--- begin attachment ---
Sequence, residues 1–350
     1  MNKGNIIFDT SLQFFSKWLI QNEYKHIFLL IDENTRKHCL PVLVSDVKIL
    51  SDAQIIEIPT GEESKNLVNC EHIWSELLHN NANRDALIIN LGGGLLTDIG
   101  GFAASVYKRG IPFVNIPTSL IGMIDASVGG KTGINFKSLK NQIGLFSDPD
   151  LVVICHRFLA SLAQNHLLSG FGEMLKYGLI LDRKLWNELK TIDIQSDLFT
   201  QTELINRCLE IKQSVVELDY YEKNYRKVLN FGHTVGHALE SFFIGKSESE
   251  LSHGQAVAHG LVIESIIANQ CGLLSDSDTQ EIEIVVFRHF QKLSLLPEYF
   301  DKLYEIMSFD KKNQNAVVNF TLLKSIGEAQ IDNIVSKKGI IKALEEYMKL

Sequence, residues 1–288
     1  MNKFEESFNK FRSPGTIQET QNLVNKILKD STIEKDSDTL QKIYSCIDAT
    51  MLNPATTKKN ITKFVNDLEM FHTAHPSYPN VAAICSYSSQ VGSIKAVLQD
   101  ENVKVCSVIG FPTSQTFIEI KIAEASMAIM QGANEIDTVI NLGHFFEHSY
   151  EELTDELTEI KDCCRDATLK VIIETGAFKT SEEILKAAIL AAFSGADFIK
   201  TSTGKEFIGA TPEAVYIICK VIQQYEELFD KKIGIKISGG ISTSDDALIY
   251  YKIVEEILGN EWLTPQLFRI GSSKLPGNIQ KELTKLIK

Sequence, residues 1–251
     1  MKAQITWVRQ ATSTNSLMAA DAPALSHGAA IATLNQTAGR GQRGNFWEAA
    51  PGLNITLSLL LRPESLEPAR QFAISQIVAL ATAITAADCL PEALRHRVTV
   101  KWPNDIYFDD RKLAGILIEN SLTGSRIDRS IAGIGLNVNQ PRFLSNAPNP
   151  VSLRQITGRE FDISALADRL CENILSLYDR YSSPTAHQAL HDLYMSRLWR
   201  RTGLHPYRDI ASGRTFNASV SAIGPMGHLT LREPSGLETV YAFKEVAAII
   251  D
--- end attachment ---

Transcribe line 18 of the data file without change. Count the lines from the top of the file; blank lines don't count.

    51  PGLNITLSLL LRPESLEPAR QFAISQIVAL ATAITAADCL PEALRHRVTV